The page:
Parable of the Sower by Octavia E. Butler
An extremely topical novel for our current times, Parable of the Sower really highlights the degree to which Octavia Butler exemplified the foundational aspects of science fiction: using imaginary worlds and future settings to mirror the very real issues of the world, and provide a framework for thinking about how to approach that future with hope and aspiration.
A post-, or really mid-apocalypse of climate change, corporate greed, and racism backdrops a young woman’s vision for a better future. Even if Butler weren’t a phenomenal writer in her own right, the sheer volume of contemporary parallels in this, and its sequel Parable of the Talents, should make this mandatory reading.
Valor's Choice by Tanya Huff
The first installment of, for my money, one of the best boots-on-the-ground military sci-fi series ever made, Valor’s Choice introduces Staff-Sergeant Torin Kerr, also one of my favourite protagonists as well. Huff does an incredible job keeping Torin bad-ass and unwilling to take any shit, and do anything to preserve the safety of her team, while also keeping her empathetic, reasonable and incredibly human, a task at which a lot of authors, especially with male protagonists, fail miserably.
The eight-book series is finished, making it a safe dive-in for people who worry about starting series that aren’t done yet. For those who are less interested in sci-fi, I can also highly recommend her Quarters series (4 books, high fantasy) as well as the Keeper Chronicles (3 books, urban fantasy).
Flesh and Fire by Laura Anne Gilman
A completely random pick-up at my local library that turned into an absolutely amazing trilogy, and a strong entry in the list of ‘best magic systems,’ as well as as one of the very few books I’ve read that starts with a young chosen one with incredible powers that doesn’t turn into garbage.
Instead, the Vineart War trilogy intimately captures the combination of fear, anxiety, and pride that accompanies anybody who has the pressure of presumed greatness hanging over their heads. You pretty much couldn’t ask for a more realistic and human ‘chosen one.’ And when you combine the novelty of a wine-based magic system, you’ve got the makings of something really excellent, and Gilman didn’t disappoint at all.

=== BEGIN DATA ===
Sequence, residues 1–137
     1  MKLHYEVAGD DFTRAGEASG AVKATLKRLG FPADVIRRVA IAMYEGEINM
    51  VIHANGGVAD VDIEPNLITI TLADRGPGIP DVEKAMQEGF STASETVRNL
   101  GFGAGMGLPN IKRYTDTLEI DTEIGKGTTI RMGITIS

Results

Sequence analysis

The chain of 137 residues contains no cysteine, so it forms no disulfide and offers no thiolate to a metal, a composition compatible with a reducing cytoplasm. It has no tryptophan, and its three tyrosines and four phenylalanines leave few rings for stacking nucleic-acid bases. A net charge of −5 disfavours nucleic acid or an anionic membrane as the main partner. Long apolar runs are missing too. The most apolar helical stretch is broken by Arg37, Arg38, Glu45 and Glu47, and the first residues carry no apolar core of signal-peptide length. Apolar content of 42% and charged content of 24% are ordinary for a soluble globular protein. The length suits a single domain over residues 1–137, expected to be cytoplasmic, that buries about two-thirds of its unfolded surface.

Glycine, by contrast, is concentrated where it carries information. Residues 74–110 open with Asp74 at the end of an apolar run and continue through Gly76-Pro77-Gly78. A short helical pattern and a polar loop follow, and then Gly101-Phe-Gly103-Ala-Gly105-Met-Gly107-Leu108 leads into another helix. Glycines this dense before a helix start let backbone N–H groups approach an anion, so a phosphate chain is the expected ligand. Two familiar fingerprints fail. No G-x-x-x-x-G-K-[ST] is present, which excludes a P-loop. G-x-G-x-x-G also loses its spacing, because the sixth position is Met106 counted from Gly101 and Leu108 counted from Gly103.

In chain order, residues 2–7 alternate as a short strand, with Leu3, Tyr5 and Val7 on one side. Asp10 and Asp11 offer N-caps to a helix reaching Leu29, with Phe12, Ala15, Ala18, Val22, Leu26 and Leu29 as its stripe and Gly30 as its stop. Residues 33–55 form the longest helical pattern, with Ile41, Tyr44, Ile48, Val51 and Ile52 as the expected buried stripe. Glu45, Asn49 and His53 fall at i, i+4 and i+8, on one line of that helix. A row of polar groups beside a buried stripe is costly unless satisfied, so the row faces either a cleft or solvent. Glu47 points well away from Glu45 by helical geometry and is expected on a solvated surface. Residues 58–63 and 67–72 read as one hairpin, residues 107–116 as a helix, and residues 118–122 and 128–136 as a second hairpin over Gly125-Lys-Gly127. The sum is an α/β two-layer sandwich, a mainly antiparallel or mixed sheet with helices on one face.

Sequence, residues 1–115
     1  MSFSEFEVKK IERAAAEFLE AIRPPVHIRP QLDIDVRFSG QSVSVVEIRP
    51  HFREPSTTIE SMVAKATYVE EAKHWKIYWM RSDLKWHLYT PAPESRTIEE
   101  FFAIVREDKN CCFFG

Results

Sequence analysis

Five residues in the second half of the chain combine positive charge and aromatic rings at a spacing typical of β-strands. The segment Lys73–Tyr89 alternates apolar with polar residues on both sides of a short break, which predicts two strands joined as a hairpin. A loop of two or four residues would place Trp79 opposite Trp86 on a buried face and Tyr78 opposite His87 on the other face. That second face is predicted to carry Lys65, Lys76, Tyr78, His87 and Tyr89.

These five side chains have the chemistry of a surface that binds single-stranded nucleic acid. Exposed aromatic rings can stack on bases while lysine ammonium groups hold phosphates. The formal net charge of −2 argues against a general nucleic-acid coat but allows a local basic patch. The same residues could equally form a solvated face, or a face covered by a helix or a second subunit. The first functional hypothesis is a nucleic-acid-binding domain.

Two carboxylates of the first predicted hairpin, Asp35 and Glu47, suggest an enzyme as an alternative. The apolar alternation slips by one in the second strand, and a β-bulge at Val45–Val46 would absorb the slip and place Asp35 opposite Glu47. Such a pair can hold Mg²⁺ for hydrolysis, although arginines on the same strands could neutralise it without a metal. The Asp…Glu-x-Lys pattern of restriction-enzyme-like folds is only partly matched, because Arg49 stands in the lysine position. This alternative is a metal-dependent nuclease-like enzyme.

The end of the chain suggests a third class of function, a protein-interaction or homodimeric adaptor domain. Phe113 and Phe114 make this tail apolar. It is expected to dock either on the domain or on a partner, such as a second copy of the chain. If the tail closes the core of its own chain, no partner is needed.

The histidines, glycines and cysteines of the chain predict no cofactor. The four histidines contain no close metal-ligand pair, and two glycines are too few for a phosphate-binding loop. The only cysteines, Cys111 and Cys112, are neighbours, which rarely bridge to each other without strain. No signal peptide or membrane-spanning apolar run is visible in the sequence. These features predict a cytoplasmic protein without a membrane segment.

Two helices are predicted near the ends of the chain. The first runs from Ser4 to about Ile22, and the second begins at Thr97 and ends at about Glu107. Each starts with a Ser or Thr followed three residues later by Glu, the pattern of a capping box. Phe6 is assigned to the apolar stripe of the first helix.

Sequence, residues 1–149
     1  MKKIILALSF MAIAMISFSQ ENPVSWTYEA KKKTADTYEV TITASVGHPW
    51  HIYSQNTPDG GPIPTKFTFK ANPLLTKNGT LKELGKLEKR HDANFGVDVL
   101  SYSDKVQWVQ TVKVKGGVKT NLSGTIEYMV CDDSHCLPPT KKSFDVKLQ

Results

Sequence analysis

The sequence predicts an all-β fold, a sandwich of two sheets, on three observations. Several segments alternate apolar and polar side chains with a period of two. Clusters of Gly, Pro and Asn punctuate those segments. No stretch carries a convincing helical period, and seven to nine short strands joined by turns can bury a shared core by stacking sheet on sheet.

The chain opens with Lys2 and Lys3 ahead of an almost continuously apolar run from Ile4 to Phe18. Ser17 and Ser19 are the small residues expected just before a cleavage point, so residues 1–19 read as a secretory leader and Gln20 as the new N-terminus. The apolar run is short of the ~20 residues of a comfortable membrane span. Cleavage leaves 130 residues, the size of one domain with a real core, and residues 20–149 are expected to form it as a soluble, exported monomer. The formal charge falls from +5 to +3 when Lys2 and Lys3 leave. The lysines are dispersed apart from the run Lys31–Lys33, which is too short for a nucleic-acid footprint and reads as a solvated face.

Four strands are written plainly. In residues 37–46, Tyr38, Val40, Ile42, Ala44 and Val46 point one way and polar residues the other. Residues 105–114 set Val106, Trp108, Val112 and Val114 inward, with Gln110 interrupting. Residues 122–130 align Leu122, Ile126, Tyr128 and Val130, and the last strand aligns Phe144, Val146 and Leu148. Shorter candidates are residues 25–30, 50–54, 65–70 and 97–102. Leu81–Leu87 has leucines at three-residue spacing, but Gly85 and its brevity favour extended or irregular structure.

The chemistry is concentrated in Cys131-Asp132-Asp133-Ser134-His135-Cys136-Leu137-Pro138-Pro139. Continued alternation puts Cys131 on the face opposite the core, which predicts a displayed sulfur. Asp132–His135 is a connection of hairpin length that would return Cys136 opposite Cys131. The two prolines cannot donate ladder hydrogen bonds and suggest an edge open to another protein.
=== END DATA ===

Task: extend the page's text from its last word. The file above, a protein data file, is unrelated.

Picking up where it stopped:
The Hundred Thousand Kingdoms by N. K. Jemisin
The debut novel for the woman who would go on to become one of the most award-winning SFF authors in the history of the genre, barely a decade into her career. You can see in The Hundred Thousand Kingdoms the seeds of the brilliance and skill that would lead her to become the only author to win three Best Novel Hugos in a row, and one of only five authors to win three total in their lives.
A fantastic...not so much subversion as innovation...of the otherwise tired trope of “young person goes to big city, gets embroiled in big city politics and learns dark secrets.” The idea gets new life breathed into it with some amazing conceptual world building and a unique narrative style. While it’s never good to get into the practice of canonizing authors where you “have to” read them to be considered well-read in the genre...after 3 Best Novel wins in 4 nominations in less than 10 years, the importance of Jemisin to modern SFF really can’t be understated.
The Ghost Bride by Yangsze Choo
One of the biggest advantages to branching out from the industry-dominant ‘US/UK White Dudes’ when it comes to reading fantasy is getting to experience all of the cultural myths and spiritualities of other cultures and how they interact with the fantasy genre.
The Ghost Bride takes a long-standing tradition and then steeps it in the fantastical in probably my favorite method of doing historical fantasy. The both figurative and literal spiritual journey that Li Lan undertakes is heartfelt, genuine, and just superbly executed upon.
And in doing a bit of back research to refresh myself on this title, I’ve discovered that Choo has another book out just last year--The Night Tiger--which looks to build upon the same themes.
Dan is the creator of the review and article website Strange Currencies. A lifelong reader of almost exclusively Sci-fi and Fantasy, he has been reviewing since 2011. In addition to reviews, he is a freelance editor, and game designer and is going back to school in September to become a Paralegal and Law Clerk. You can find him in various social media places:
What are your favorite sci-fi/fantasy books written by women? Tell us in the comments!
The first Dragons, Zombies and Aliens blog was started in 2015. Somewhere between college coursework, paying rent with door-to-door sales, and keeping up with my sorority sisters, I wrote reviews, rants and commentaries on books, TV shows, and movies. Now, this blog has moved, improved, and the sky's the limit!